Frances Fawcett, Susan C. Larkin, Daniel McPheeters, Diana Ozolins, Nancy V. Ridenour, and David Watkins Jr.
I’ve delved into a vision from earlier in my life when I was particularly fascinated by painting smooth gradations between hues, and particularly between complimentary hues of similar value. The two large works here, the triptych, “The Curtains in the House of the Metaphysician,” and “Machine in Field,” are from that series of paintings. I gradually morphed into painting gradations involving the stronger value differences shown in “Wings 2” and “Cave Light.” and finally into mixing gradations of differing hues and values altogether, represented here by the small piece “Wings 3.”
During the past year trees near my home have caught my full attention. Shapes, textures, curves, and faces have popped into view on the same trees I have passed by for years. I’ve enjoyed my time in and near the woods during this season of pandemic worries.
I find myself constantly intrigued by forms in nature. Trees are particularly fascinating. While each is easily identifiable by its morphology, they are all individually sculpted by their environment, resulting in their unique shapes and complexity.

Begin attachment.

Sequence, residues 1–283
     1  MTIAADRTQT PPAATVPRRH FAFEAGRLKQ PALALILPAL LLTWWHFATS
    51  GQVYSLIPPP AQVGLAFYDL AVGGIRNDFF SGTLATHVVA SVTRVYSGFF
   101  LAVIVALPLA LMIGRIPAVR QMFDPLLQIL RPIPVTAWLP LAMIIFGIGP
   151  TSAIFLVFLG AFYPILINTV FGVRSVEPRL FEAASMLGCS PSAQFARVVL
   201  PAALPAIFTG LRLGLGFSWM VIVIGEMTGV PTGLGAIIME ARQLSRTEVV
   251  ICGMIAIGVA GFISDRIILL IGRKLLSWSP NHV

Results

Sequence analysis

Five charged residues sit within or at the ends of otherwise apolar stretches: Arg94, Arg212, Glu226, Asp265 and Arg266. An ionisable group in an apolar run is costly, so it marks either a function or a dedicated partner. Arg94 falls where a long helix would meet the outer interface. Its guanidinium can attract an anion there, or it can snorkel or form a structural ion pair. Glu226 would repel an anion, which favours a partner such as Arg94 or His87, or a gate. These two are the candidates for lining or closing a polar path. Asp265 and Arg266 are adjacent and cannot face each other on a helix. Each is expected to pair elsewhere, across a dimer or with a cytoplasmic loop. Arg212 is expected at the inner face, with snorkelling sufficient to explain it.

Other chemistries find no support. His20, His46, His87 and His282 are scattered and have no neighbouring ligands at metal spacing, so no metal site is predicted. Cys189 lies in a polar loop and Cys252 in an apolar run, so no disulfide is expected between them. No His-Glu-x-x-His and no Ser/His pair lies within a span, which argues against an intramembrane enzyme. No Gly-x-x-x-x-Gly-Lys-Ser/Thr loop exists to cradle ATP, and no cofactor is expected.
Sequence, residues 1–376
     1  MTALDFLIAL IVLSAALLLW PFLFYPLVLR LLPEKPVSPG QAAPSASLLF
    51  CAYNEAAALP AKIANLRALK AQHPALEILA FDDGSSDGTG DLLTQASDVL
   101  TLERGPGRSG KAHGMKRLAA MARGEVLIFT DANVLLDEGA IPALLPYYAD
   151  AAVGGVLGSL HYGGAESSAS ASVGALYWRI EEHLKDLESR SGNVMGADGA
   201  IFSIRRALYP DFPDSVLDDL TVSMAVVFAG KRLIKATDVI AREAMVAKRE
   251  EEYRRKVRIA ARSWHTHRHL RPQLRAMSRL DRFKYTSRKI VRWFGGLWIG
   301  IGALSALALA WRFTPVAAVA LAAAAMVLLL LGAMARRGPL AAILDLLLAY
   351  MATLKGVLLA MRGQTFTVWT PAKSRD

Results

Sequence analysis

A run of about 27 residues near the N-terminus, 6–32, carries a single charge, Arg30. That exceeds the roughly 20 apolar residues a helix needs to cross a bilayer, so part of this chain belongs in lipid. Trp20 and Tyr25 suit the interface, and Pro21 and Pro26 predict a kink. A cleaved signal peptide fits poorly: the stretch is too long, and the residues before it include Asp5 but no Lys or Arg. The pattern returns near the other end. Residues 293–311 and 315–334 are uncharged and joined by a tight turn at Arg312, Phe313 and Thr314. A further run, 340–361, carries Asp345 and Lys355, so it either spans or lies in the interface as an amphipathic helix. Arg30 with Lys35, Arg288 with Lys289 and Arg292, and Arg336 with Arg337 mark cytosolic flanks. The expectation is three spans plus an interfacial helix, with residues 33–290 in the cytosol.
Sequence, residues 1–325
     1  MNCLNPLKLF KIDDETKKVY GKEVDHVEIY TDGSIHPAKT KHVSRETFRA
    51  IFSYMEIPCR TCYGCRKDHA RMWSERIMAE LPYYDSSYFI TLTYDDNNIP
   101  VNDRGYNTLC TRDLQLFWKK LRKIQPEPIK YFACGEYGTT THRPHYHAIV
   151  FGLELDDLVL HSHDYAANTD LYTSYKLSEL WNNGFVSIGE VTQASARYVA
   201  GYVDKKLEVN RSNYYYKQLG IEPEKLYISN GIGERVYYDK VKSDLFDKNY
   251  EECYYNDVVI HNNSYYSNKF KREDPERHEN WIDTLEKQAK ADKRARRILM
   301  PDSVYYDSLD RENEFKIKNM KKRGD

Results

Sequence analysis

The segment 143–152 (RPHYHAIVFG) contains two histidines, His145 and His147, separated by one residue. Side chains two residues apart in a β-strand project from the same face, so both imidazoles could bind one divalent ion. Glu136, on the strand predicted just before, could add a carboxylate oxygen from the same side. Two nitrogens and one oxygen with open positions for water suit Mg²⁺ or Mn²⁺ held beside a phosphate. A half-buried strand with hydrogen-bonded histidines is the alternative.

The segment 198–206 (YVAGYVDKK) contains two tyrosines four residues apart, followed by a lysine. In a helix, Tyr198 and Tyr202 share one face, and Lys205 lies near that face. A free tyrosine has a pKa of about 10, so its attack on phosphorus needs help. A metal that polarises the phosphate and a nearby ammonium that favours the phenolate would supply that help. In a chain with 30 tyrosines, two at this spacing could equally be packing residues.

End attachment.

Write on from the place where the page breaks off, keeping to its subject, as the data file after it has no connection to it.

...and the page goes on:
My latest series of abstracts range stylistically from hard edged biomorphic shapes reminiscent of nature, to expressionist figuration distilled from the subconscious. From black to white through multiple shades of warm or cool gray, they explore a remarkable range of color made from mixing only blue, brown, and white.
There are many opportunities for the adventurous photographer. I enjoy recording nature, architecture, cityscapes, and travel. This collection of black and white is very diverse but reflects my desire to create something new and different.
I have a vision in my mind as to what and how I will be able to capture what mother nature offers in the way of fall color. She never disappoints even though the depth and range of color can vary greatly from year to year.